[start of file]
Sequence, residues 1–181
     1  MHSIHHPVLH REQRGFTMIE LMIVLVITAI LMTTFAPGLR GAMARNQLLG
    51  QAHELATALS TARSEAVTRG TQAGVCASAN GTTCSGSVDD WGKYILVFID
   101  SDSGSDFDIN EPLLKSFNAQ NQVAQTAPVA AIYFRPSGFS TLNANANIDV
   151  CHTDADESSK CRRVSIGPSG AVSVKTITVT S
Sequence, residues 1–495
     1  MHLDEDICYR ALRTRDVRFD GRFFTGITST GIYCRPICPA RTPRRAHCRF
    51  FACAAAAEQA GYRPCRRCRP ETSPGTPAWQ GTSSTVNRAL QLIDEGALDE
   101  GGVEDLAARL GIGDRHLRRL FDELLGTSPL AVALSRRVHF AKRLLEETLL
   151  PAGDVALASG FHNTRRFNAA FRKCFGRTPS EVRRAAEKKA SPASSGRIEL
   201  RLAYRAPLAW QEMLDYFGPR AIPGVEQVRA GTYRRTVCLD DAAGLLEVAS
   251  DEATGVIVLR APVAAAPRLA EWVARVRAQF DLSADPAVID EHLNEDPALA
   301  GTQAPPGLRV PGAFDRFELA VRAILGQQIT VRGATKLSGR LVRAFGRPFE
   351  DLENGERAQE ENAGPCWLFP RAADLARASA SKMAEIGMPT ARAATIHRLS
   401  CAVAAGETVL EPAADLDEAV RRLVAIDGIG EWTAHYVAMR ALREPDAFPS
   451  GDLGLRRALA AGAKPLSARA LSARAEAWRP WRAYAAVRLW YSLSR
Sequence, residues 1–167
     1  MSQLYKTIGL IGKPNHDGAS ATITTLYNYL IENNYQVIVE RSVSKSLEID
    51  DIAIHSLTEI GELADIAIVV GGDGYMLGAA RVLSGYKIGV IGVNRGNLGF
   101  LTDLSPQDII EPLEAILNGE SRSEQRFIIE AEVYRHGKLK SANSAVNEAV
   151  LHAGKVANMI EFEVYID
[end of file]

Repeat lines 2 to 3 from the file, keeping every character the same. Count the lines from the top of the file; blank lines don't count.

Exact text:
     1  MHSIHHPVLH REQRGFTMIE LMIVLVITAI LMTTFAPGLR GAMARNQLLG
    51  QAHELATALS TARSEAVTRG TQAGVCASAN GTTCSGSVDD WGKYILVFID